icsi and blastocyst development
9 Replies
wrenster - December 3


I posted a couple of weeks ago about success with icsi and pesa/tesa etc and since your reply I have had a follow up appt with my clinic, and I have done some of my own research.

You are very much of the view that in vitro development of embryos to blastocyst stage is no different to in utero development, the advantage being better embryo selection at blastocyst stage.

I did discuss this with the doctor briefly at my follow up and he said that with icsi this is a contraversial area and that they might do better in utero in this case - hence need for day 3 replacement.

By chance I was searching through clinical papers on a database at work and had printed off some to read. One of them (In Human Reproduction I think) was a study looking at blastocyst development with icsi and ivf. It compared sibling oocytes by dividing them up with some for icsi and some for IVF and looking at blast development. The IVF ones achieved double the number of blastcysts vs the icsi ones. The paper then went on to say that implantation rates have been shown to be the same for icsi and IVF in many previous studies with day 2/3 transfers . Thus it concluded that icsi embryos may not develop as well in vitro as they do in utero.

I think this might have been what my doc was thinking of when he said it was contraversial. What are your views on this? I am trying to make sense of the best way to proceed in our next icsi. I am now not sure if proceeeding to blast would be the best option for us.



Dr Smith - December 5

I agree with your doc. The whole in vitro versus in vivo thing is controversial. I think it is, to some degree, lab dependent. Culturing embryos to the blastocyst stage requires a higher degree of control of lab conditions and an attention to detail above and beyond that of Day 3 transfers. Some labs struggle with this - especially high volume labs.

When interpreting studies that compare blastocyst development following ICSI or IVF (or, for that matter, any comparison involving blastocyst development) it is important to consider the blastocyst development rate. Overall, in a good lab, about 40-70% of the embryos should develop to the blastocyst stage. Studies that report blastocyst development rates significantly below this are using suboptimal culture methods. In those studies, in vivo development may very well be superior to in vitro development. At the very least, it is not a valid comparision.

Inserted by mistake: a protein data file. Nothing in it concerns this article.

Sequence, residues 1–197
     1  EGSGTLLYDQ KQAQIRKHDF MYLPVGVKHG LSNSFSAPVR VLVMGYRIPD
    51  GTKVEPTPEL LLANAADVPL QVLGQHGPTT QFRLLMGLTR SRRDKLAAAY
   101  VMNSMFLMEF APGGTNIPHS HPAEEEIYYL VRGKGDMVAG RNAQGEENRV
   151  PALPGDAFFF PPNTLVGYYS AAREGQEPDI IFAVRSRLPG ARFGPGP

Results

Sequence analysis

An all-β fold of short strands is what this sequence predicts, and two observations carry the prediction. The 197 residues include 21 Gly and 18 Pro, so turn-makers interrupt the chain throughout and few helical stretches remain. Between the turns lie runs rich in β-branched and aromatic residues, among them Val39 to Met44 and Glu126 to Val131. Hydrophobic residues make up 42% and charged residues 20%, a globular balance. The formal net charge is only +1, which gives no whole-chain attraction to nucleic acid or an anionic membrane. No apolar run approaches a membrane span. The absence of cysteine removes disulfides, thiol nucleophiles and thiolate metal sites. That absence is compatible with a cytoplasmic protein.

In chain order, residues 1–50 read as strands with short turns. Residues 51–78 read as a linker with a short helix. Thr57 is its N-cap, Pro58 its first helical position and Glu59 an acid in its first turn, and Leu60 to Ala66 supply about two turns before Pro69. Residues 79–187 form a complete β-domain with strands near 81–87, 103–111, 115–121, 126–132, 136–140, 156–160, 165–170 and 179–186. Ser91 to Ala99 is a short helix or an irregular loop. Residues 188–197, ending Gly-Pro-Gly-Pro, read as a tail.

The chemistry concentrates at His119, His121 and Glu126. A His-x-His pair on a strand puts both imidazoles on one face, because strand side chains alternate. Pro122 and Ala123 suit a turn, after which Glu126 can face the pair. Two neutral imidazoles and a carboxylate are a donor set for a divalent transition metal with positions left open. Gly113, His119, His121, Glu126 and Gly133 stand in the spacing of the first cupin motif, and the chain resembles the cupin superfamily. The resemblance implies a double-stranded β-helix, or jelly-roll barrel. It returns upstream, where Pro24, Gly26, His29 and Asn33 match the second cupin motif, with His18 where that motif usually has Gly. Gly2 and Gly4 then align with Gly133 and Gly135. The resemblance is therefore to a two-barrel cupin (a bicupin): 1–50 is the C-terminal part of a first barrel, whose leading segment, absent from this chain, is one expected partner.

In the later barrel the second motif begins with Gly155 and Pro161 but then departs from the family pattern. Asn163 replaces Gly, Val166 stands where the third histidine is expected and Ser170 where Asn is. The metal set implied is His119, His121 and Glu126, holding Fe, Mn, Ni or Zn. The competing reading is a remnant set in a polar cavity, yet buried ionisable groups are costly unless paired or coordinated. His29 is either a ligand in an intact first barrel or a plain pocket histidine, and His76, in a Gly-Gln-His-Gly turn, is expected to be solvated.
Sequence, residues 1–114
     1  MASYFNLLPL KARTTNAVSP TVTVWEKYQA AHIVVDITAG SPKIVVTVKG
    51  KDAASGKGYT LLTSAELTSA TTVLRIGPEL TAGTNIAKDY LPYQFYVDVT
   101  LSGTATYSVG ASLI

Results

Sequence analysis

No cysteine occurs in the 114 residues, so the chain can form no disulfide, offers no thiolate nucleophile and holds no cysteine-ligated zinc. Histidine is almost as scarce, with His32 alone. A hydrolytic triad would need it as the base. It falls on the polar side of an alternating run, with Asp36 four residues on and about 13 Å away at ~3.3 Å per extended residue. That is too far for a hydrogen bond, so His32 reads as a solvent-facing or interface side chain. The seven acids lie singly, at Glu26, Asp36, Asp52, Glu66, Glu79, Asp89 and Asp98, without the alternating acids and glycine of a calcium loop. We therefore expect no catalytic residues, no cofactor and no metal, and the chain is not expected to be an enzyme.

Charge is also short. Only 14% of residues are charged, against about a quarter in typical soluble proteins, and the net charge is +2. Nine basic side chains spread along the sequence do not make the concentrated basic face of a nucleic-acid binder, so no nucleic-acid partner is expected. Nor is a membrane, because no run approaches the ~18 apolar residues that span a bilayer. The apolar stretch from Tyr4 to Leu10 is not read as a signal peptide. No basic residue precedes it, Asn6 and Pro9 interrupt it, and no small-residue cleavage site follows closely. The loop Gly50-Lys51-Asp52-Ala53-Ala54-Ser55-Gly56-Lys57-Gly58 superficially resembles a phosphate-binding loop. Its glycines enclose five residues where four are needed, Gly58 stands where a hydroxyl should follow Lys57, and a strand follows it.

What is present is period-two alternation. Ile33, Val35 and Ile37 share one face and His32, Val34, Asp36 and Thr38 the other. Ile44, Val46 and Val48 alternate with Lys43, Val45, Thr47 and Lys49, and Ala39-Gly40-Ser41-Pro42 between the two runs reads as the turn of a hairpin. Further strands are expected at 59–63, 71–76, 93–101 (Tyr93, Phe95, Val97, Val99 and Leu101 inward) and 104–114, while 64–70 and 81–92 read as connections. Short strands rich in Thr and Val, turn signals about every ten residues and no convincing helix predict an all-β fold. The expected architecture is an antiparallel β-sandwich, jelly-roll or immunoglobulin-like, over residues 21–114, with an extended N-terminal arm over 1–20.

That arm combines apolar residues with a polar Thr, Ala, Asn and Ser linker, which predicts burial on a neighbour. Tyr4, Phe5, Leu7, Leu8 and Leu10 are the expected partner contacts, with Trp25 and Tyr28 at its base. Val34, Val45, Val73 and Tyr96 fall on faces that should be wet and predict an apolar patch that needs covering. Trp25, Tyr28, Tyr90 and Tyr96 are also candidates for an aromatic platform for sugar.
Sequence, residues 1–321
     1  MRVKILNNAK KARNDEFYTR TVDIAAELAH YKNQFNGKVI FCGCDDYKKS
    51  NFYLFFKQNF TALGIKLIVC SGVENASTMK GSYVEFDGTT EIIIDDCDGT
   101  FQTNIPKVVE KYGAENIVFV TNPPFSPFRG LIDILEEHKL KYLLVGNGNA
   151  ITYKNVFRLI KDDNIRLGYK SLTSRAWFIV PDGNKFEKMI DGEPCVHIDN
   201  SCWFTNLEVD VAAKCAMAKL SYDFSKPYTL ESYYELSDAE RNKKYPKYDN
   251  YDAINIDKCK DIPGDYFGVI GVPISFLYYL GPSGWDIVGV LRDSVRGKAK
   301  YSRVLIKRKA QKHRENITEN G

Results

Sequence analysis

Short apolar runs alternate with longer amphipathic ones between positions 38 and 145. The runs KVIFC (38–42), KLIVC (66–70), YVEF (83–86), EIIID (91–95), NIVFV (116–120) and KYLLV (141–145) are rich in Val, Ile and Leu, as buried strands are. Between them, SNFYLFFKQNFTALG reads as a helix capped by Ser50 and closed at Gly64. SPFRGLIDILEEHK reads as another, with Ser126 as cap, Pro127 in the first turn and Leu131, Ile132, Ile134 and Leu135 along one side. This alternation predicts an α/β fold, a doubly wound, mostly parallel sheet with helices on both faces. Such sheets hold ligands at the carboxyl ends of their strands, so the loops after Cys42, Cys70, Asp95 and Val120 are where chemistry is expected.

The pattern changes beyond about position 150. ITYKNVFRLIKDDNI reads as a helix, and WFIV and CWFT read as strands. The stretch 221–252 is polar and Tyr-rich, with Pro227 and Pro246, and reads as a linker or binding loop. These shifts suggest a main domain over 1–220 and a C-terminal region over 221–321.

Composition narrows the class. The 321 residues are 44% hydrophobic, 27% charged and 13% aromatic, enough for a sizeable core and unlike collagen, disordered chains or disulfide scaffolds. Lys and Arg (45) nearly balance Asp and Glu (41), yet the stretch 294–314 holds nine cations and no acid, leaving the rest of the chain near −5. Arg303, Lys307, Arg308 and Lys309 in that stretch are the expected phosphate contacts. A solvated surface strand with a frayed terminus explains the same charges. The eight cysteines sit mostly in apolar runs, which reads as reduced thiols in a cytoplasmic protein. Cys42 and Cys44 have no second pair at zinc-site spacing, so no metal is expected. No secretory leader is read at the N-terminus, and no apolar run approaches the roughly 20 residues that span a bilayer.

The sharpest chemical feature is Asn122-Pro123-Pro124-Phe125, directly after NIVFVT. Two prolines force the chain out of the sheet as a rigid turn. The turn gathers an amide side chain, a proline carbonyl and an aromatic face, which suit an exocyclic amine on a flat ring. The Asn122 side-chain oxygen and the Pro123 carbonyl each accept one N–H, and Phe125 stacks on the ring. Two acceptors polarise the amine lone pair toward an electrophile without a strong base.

There are many reports suggesting that blastocyst development is lower if ICSI is used (my study included). However, there are two factors to consider. In most programs, ICSI is performed when there is a problem with the sperm. The effect of poor sperm quality has to be considered. This is particularly relevant when TESA and PESA sperm are used. This brings up the question of genetic normalacy of testicular or epididymal sperm. The one thing that in vitro or in vivo culture cannot change is the genetics of the embryo.

The other factor to consider, all things being equal, is the ICSI procedure itself. There is at least one study that I'm aware of that concluded that if ICSI is performed when there is no problem with the sperm, the blastocyst development rate is significantly lower than conventional IVF insemination in sibling oocytes. However, since TESA and PESA sperm require ICSI to achieve fertilization, the point is moot.


BekyVice - December 6

I'm interested in what you just said, about a study finding ICSI to significantly lower the blastocyst development rate than conventional IVF, when used with normal sperm.

Two questions:
1) Is it a common procedure to take 1/2 the eggs retrieved and perform ICSI and the other half leave in the petri dish to see if "ships meet in the night"? Has this ever been requested of your clinic? (My DH has low morph, mot, count... but not absent. We retrieved 15 eggs last time, all fertilized, day 3 all great, but downhill on day 4 and day 5 only 1 good blast to transfer and nothing to freeze.)

2) Speaking of studies... is there anything known about any "harm" done to eggs by putting them through assisted hatching? I know the "standard" is to AH any >40 y.o. maternal eggs, but wonder if we can try some AH and some not.


Dr Smith - December 6

Some clinics will split eggs and ICSI one half and use conventional IVF insemination on the other half. This is performed in cases of "unexplained infertility" because the cause for the infertility may be failed fertilization (although quite rare). So, they don't take any chances and ICSI half. The vast majority of the time, failed fertilization can be avoided by performing a thorough semen analysis (including strict morphology) on the day of the egg retrieval. A small percentage of the time, everything can look fine from the sperm side of the equation and failed fertilization is a result of a defect in the eggs that prevent sperm penetration.